If job prospects are not promising in the area that you live in, be willing to move. Start looking at your ideal dream-locations in neighboring or far-flung states. Contact the counties’ education departments and ask them what the procedures are for enrolling in their online job-search resources. The county offices often play a leading role in enrolling districts and often work together to get cohesive online application systems going. So be proactive and start contacting them now. If the perfect teaching job doesn’t materialize and you still really want to be a teacher, then consider NOT taking that job with Wells Fargo. Instead, stay fresh in the field by sticking with child-centered jobs. Interviewers will want to see that you haven’t given up, and that you’ve racked up more experience leading, managing, and teaching kids. …And one more thing- make sure that you embed Total Participation Techniques into all of your lessons. I’m not trying to sell more books. I’m promoting them because they work and they get all kids to participate using higher-order thinking. Good Luck!

Reply

6 PK Ergle January 29, 2013 at 7:31 pm

After 25 years of teaching, my advice?………take your vitamins!

Reply

7 Kim Scanlon January 29, 2013 at 7:42 pm

Jump right in. I was very fortunate. God matched me with a teacher who had the same style and work ethic as I do. She let go of some control in her classroom. Although she was in the room, I took over lessons. The remaining 6 weeks or so, I took over her reading class, again under her watchful eye. We co-taught lessons and there were times I would teach the lesson while she pulled students to conference about writing pieces. I learned so much! It was stressful, I am a perfectionist, and half way through she and I both had a good cry. LOL! Be sure to listen to suggestions, learn everything you can about procedures, imagine that this is your class and your students- they actually become your kids too. Heather and I still keep in touch. I still give her kudos for h being such a fantastic mentor and today she is also a friend. The experience definitely prepared me for my classroom. Don’t get me wrong, 5 years in and I’m still learning.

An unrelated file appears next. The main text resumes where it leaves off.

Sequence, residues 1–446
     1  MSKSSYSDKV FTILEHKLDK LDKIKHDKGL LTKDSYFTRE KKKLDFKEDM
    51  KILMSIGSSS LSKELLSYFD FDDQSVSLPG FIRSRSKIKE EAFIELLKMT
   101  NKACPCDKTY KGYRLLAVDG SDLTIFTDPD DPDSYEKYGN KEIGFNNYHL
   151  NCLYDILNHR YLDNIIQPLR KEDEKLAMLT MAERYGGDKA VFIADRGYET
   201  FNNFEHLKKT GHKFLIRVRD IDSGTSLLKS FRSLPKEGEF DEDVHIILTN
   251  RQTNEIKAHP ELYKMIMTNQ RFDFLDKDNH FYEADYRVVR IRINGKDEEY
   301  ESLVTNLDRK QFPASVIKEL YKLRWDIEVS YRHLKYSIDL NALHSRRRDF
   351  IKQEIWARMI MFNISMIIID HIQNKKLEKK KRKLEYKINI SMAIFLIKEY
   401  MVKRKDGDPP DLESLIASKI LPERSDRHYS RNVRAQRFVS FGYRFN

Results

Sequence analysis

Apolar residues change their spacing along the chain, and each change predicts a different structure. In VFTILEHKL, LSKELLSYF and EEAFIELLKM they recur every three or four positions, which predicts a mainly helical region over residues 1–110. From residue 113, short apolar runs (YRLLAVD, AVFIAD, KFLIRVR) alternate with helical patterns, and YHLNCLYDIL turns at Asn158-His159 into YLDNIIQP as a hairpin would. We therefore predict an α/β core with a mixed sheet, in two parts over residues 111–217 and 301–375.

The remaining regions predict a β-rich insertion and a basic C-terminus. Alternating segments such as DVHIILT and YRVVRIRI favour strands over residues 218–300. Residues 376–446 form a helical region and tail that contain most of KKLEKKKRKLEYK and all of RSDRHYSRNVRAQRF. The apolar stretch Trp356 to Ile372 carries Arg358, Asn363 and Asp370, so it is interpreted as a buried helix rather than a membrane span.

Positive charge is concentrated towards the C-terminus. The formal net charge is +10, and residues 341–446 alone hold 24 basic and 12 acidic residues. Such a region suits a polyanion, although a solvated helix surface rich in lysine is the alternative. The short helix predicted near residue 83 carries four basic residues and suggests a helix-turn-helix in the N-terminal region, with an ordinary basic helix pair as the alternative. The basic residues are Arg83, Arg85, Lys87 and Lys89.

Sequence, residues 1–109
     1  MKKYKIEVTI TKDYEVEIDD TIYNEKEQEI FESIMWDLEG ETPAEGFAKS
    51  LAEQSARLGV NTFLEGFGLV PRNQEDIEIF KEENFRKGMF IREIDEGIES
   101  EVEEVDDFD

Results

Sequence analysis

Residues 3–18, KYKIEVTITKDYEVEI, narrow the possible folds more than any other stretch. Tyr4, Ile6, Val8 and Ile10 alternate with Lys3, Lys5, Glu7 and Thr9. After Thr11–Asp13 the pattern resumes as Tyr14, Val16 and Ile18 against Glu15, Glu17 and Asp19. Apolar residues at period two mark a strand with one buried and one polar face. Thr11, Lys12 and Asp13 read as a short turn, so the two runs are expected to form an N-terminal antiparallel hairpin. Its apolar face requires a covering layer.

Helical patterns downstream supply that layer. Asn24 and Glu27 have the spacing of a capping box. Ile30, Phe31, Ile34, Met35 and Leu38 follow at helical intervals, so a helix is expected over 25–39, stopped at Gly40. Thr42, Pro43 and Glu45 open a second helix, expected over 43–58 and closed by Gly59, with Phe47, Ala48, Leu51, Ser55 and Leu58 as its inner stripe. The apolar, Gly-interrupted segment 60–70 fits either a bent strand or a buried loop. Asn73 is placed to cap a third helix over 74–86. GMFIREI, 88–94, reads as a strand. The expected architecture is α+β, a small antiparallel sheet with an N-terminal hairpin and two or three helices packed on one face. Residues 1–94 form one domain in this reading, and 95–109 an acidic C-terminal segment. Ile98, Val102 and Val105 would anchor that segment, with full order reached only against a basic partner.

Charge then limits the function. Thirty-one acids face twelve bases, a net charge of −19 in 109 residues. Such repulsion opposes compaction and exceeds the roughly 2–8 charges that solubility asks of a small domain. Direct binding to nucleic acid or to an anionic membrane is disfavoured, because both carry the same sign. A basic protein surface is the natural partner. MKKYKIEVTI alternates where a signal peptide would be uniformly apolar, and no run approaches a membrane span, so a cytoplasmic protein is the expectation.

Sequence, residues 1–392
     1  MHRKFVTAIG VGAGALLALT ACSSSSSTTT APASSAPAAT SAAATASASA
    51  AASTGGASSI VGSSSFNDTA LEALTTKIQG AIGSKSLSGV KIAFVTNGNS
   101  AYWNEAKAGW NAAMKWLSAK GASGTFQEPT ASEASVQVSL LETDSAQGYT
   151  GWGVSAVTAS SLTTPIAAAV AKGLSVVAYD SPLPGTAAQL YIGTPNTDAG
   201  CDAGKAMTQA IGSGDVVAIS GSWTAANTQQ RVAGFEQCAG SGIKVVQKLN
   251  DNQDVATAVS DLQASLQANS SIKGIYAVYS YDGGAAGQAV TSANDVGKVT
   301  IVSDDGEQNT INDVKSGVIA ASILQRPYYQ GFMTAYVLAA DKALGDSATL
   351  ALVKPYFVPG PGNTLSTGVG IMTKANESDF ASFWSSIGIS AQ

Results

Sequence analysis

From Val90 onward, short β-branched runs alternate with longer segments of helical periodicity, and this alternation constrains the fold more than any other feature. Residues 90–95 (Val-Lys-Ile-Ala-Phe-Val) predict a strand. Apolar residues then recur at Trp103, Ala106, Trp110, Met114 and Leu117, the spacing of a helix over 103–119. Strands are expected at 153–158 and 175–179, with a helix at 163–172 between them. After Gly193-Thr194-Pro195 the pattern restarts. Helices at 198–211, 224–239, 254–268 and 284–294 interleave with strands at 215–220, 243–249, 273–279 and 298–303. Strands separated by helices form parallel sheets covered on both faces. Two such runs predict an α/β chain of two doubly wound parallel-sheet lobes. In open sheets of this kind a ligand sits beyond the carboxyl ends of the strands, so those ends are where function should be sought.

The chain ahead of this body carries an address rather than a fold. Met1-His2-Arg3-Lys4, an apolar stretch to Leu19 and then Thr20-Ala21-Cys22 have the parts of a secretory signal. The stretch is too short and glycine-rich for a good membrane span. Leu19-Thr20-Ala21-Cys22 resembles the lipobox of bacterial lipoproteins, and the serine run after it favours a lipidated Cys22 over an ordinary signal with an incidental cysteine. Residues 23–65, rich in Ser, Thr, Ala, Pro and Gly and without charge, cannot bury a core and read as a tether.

Reply

8 George Stephens January 30, 2013 at 12:57 pm

Maintain a professional division between students and teacher. It is so easy for the young future teacher to fall into the trap of being everyone’s buddy. It’s so hard to correct or discipline your buddy. Of course, I’m referring primarily to junior and senior high situations.

Reply

9 Kirsten January 31, 2013 at 11:46 am

I agree with George– Part of that is dressing the part, with high school students. I looked so young that they treated me like another student!

But the best advice I can give anyone starting out is this– make friends with the school secretary, the janitor, the aides, and the school librarian. If you’ve got them on your side, you can accomplish a lot of things that you’ll have difficulty with otherwise. And do your best to eat lunch in the staff room. It can be difficult if you are busy to find the time, but that’s where you spot the relationship dynamics and find mentors.